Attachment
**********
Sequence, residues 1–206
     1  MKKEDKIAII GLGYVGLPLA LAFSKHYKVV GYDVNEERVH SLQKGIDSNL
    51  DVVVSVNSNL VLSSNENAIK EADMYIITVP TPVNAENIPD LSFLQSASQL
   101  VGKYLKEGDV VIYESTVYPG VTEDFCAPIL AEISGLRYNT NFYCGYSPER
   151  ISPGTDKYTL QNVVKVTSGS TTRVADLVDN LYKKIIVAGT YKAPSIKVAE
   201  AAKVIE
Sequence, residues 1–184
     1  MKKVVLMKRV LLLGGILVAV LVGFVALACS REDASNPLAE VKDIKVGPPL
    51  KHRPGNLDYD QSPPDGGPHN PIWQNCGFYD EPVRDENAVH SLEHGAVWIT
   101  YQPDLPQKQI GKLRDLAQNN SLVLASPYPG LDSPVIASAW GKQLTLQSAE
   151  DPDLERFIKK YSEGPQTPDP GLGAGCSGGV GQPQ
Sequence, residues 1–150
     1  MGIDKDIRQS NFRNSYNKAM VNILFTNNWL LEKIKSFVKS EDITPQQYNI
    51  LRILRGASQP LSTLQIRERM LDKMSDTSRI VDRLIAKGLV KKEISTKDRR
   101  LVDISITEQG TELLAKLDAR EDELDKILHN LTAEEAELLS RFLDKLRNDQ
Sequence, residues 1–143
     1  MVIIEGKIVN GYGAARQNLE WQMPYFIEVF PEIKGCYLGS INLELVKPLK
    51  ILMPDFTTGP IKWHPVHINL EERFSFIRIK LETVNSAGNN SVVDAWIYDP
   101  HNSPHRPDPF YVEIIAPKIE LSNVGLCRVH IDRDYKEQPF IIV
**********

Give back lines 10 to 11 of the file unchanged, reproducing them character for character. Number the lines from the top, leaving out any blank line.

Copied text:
   101  YQPDLPQKQI GKLRDLAQNN SLVLASPYPG LDSPVIASAW GKQLTLQSAE
   151  DPDLERFIKK YSEGPQTPDP GLGAGCSGGV GQPQ